Tuesday, July 27, 2010

Posse favorites: Boudin at the Baby Back Shak



Decisions, decisions, decisions. I always struggle with what meat to order at the Baby Back Shak. Their baby back ribs are the best is Dallas, bar none. The smoked chicken is among the best I've ever tasted and the other meats follow in this tradition of excellence.

We've written several times over the past year about the Shak, the unofficial headquarters of the Texas BBQ Posse. What I've neglected to mention is their boudin, one of the best and most unusual sides, or Shaksessories, you can get at a Texas BBQ joint.

By definition, boudin is a Cajun sausage stuffed with pork and rice. According to Louisiana food historians, it's one of those food products that originated in frugality; the rice was meant to stretch the meat. Now, it's a unique and delicious treat all its own.

Depending on what you order at the Shak, a sandwich or a plate, you get either one or two sides respectively. It's hard to pass on the Shak beans, among the best BBQ beans on the planet. The green beans take me back to my grandma's kitchen. The buttered corn is to die for. And the potato salad and cole slaw ain't bad either.

We eat at the Shak at least once a week and sometimes twice. When it comes time to order a side, nine times out of ten I'm ordering the boudin. Once you've tried it you will too.....

(Photo by Chris Wilkins)

Sunday, July 18, 2010

The secret to a great brisket is in the wood


There's a really good article on the wood and barbeque on page one of The Dallas Morning News this morning. Writer Erinn Connor takes a look at Arnold Brothers Forest Products, who supplies wood to most of the barbeque joints around the region.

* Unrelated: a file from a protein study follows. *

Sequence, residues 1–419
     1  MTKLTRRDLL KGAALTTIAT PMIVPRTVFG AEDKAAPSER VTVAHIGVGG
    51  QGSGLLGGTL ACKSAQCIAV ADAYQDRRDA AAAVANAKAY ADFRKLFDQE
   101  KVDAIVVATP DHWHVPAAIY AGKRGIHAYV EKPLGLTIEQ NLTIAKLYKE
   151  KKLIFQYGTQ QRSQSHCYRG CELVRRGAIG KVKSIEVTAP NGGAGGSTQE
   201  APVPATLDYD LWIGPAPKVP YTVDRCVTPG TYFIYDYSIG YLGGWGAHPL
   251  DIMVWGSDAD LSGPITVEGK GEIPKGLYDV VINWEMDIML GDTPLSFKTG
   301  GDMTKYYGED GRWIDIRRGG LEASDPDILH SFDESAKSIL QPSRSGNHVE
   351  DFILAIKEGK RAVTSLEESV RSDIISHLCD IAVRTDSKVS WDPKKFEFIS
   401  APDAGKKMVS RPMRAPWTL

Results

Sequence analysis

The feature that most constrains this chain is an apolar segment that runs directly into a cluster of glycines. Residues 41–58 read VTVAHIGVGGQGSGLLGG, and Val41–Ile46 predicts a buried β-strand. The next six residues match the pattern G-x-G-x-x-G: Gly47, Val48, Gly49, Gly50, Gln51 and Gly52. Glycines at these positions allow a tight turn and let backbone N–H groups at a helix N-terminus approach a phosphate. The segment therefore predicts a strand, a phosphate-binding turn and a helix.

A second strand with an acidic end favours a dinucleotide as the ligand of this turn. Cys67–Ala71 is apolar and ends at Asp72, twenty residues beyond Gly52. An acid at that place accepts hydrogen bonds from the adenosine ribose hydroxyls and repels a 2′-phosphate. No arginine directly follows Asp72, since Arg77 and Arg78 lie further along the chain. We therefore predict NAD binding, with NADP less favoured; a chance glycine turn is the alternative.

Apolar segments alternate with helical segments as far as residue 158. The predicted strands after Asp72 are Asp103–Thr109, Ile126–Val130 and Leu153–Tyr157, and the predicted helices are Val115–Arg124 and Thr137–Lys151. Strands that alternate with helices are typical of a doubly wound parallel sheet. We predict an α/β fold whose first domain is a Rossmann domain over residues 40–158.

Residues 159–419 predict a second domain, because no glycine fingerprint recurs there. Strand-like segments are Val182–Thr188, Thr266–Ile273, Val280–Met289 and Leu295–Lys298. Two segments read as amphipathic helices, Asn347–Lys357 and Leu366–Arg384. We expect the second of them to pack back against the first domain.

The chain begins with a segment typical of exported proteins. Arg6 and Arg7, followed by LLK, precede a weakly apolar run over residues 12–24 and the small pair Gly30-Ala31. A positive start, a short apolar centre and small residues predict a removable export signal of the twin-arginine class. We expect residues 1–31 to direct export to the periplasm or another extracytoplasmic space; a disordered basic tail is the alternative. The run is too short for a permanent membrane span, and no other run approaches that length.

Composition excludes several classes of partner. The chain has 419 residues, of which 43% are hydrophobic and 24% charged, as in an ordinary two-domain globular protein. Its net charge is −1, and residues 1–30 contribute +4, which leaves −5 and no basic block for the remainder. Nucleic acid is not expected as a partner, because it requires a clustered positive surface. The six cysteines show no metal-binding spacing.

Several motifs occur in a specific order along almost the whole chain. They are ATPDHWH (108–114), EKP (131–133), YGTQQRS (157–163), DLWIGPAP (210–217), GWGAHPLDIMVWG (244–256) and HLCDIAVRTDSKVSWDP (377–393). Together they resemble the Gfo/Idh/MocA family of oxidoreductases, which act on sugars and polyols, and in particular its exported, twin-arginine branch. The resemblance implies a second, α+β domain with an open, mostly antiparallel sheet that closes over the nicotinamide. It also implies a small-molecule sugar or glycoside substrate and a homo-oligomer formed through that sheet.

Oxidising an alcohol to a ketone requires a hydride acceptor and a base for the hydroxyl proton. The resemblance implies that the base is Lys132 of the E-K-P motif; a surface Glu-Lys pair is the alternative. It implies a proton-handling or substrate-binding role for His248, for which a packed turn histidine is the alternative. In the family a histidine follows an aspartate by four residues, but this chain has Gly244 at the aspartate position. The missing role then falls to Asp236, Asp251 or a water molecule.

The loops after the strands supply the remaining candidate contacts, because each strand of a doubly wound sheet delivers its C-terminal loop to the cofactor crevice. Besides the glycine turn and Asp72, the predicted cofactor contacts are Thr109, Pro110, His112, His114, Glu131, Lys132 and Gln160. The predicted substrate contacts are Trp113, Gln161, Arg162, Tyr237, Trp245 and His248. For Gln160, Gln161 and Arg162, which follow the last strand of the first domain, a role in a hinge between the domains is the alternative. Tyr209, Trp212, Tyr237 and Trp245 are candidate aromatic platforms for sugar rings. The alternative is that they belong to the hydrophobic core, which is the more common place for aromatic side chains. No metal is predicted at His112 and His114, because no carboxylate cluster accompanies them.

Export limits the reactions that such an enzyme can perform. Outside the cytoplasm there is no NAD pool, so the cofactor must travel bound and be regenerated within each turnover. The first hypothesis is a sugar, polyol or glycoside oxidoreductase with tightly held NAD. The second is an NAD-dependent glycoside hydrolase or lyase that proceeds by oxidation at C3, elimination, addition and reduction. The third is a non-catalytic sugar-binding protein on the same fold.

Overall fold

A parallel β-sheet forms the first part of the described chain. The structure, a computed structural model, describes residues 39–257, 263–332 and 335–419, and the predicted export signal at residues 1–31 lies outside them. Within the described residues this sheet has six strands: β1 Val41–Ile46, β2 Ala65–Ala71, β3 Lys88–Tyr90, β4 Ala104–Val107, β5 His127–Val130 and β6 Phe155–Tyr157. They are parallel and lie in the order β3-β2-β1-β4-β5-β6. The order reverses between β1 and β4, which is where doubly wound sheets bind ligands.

Texas BBQ Posse member Marshall Cooper is quoted in the article. He's been a long-time customer of Arnold Brothers and sums up the importance of good wood in the story.

"A lot of people who don't do this don't realize the wood is really important," Marshall said. "The smoke gives the meat the flavor."

Click here to read Erinn's article in the Morning News. Here's a video on Arnold Brothers, shot by Dallas Morning News photojournalist Nathan Hunsinger.

(Photo by Chris Wilkins)

Friday, July 9, 2010

BBQ and blue highways - Just follow the smoke

The North Texas BBQ Tour schedule had three bonified stops, based on reviews by Daniel Vaughn, aka the BBQ Snob. Since last November, we’ve taken four barbecue tours, and driven a total of more than 1,100 miles, from Central Texas to the Oklahoma border.

We didn’t plan for that horse-trailer-turned-barbeque-joint on Highway 377 north of Whitesboro, Big Ronnie's Texas Pit Bar-B-Que. Damn, those ribs were pretty good. We’d work them off at the planned exercise/horseshoes break on the shores of Lake Texoma. If that’s possible when you exercise with a cigar in one hand and a cold beer in the other.

Nor did we plan to stop at the intersection of Hwy 82 and Gibbons Road, as we hustled to make closing time at the OO Smokehouse in Sherman. Lemontt and Sonya have built their dream at that corner, The Bone on the Grill.

In the end, I’m beginning to understand that the highlights of a tour are the unexpected stops. Not the places we read reviews about on Yelp or Urbanspoon.

I’d like to plot out our next tour with no known destinations, just a tank full of gas and a cooler full of beer. Of course we’d have the horseshoes in the trunk for an exercise break. Follow the blue highways and look for the smoke. This barbeque thing is really starting to make sense to me……

UPDATE - From posse member Marshal Cooper: " Just spoke with someone that drives to and has frequented Big Ronnie's
every Saturday on his way to the lake for a good while. He told me they packed up lock stock and barrel and vanished sometime last week!"

(Photos by Chris Wilkins)